of the Problem
1,1,1-Trichloroethane (1,1,1-TCA) is a solvent that
was first sold commercially in the 1950’s as
a safer alternative to other degreasing products such
as Tricholoethelyne (TCE). Laboratory studies later
showed that 1,1,1-TCA had toxic effects on laboratory
animals – it damaged the animals nervous systems
and livers and caused delays in fetal development.
To protect human health, the USEPA set a limit of
0.2 parts of 1,1,1-TCA per million parts of drinking
water (0.2 ppm) (ATSDR, 1996).
1,1,1-TCA moves easily through soils and has become
a prevalent groundwater contaminant. It has been found
at about half of the sites identified for cleanup
by the federal Superfund Program and was among the
most common volatile organic compounds encountered
in a national study of contaminants in ambient groundwater
In addition, 1,1,1-TCA is a concern because it breaks
down into two additional contaminants, 1,1-Dichloroethane
(1,1-DCA) and 1,1-Dichloroethene (1,1-DCE). 1,1-DCE
is more toxic than 1,1,1-TCA itself -- the USEPA has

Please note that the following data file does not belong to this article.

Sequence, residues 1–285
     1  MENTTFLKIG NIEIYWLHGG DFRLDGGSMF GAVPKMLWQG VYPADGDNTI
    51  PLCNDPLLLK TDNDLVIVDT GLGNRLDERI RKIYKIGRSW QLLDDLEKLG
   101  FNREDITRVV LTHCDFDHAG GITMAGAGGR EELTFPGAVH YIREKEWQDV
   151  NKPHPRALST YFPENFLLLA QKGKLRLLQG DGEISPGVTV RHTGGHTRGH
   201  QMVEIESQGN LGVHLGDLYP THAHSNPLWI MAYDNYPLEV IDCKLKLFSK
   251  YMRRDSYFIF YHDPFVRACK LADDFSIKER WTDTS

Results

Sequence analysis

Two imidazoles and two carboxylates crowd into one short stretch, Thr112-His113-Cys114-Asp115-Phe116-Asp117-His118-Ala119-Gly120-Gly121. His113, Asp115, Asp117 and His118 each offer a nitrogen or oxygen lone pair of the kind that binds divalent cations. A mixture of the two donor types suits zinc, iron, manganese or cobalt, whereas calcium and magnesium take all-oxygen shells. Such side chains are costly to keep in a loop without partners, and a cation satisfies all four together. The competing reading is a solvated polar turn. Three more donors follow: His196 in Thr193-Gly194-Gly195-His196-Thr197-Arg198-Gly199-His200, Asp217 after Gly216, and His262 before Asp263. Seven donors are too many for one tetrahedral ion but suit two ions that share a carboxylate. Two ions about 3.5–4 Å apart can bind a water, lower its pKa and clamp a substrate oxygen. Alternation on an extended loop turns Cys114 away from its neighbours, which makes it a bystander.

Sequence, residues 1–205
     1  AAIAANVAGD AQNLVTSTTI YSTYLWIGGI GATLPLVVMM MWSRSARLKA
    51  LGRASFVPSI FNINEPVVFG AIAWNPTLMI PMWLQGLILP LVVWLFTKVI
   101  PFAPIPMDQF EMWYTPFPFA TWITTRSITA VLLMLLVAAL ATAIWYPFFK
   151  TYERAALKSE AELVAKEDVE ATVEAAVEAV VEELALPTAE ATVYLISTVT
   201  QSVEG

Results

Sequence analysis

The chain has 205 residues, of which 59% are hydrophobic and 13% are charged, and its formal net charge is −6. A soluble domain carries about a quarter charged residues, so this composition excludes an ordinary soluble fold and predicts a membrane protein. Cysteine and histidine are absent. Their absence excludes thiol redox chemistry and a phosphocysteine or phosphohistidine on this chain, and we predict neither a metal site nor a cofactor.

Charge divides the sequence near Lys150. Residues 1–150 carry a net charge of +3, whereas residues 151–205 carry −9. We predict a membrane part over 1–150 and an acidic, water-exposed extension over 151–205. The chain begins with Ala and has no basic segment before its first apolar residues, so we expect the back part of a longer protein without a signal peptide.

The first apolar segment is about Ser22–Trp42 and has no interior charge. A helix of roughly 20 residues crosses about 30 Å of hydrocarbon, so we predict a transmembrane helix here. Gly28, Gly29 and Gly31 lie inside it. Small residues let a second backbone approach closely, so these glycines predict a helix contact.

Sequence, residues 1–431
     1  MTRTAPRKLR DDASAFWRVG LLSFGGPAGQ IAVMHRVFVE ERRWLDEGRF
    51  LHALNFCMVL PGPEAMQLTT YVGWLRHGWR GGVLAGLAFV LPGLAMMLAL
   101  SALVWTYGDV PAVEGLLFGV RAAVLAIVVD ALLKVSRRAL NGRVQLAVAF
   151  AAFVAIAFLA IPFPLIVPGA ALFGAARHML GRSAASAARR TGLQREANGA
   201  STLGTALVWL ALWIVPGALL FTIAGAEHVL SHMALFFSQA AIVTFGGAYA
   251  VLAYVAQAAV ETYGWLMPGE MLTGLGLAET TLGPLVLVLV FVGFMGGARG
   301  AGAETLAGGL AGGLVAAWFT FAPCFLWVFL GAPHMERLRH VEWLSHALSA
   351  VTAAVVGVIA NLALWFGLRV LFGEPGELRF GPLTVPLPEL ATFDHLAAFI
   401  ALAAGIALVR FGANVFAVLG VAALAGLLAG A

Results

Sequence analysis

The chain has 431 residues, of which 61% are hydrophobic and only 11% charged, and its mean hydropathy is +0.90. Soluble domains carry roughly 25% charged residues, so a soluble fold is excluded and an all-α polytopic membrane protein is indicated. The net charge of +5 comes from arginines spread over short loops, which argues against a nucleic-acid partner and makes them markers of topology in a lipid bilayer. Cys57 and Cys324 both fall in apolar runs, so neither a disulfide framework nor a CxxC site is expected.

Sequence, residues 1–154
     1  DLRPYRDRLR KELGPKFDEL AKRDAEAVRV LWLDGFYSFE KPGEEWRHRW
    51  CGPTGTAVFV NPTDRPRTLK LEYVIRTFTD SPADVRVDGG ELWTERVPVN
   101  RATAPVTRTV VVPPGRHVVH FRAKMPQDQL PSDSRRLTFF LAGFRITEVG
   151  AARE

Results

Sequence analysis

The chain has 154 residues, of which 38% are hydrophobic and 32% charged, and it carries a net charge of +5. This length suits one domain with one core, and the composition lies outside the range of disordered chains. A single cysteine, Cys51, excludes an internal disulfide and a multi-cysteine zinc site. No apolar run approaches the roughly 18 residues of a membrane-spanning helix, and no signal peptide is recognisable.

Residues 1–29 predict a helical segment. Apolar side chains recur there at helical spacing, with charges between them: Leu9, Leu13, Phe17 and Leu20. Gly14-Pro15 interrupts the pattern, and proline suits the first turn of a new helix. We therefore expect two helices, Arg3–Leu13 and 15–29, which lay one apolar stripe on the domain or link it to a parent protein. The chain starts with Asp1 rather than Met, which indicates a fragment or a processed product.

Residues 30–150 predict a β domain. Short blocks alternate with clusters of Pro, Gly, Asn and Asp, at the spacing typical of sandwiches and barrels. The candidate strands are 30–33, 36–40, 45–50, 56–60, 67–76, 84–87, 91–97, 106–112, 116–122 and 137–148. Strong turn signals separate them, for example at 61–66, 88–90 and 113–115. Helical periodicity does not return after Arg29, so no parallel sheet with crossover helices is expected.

set a limit of 0.007 parts of 1,1-dichloroethene per
million parts of drinking water (0.007 ppm). (ATSDR,
Field Studies of Cometabolism
Most bioremediation technologies make use of microbes
that feed on contaminants and convert them into harmless end-products.
WRHSRC environmental engineers Dr. Lewis Semprini, Dr. Mark Dolan
and Dr. Perry McCarty are studying an alternative approach.
are leading a field study on cometabolism – a process where
microbes do not consume contaminants directly, but instead live
on an alternate food source and fortuitously create conditions
that degrade contaminants.
Click on highlighted words and definitions and illustrations
will pop up.
The study focuses on the cleanup of 1,1,1-Trichloroethane (1,1,1-TCA)
a toxic solvent that is found at nearly half the sites identified
for cleanup by the federal Superfund Program (ATSDR, 1996). In
experimental trials at Moffett Federal Airfield in California,
the researchers have been able to use cometabolism to lower the
concentration of 1,1,1-TCA in test wells by 70 to 80%.